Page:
At the other end of the size spectrum, large molecular assemblies comprising many proteins can be outlined accurately using electron microscopy. However, these outlines provide only limited information about how individual proteins are arranged within the structure.
IMP accommodates data from all these standard methods, as well as data from unconventional techniques for determining structure. For instance, to help solve the NPC structure, Rout and Chait developed new protocols for a technique called “affinity purification,” and used them to more precisely determine which proteins are in proximity to each other within the larger protein complex.
IMP also can incorporate modeling data from other computational programs.
“We are making IMP freely available in the hopes that it will be used very broadly as a framework for efforts by other scientists,” Sali says. “Others will be able to develop additional software modules to handle new kinds of data that will work with IMP.”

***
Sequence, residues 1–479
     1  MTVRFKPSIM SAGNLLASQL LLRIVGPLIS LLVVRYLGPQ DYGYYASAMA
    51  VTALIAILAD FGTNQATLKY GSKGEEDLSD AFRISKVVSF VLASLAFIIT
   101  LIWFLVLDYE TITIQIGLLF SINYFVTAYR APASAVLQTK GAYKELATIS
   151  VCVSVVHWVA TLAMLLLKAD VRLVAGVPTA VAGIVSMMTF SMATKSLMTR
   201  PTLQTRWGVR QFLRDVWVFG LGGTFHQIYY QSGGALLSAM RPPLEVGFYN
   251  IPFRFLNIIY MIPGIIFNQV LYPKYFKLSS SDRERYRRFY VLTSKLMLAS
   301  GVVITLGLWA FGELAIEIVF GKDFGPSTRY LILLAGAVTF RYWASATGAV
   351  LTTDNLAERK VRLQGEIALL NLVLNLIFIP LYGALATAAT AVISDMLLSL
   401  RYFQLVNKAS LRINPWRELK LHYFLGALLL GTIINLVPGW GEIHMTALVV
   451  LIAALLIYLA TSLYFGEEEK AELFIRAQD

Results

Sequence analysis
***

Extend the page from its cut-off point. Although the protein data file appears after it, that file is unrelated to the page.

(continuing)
- Nature, December 13, 2007
The molecular sociology of the cell
- Nature, November 29, 2007
Determining the architectures of macromolecular assemblies
- Nature, November 29, 2007
The molecular architecture of the nuclear pore complex
- Research Highlights, Nature editors “favourite” among 2007 cell biology papers
- 2007 Chemistry Highlights, Chemical and Engineering News
School of Pharmacy, Department of Pharmaceutical Chemistry, PharmD Degree Program, BMI, QBC, CCB, PSPG, Bioinformatics, Biophysics
About the School: The UCSF School of Pharmacy aims to solve the most pressing health care problems and strives to ensure that each patient receives the safest, most effective treatments. Our discoveries seed the development of novel therapies, and our researchers consistently lead the nation in NIH funding. The School’s doctor of pharmacy (PharmD) degree program, with its unique emphasis on scientific thinking, prepares students to be critical thinkers and leaders in their field.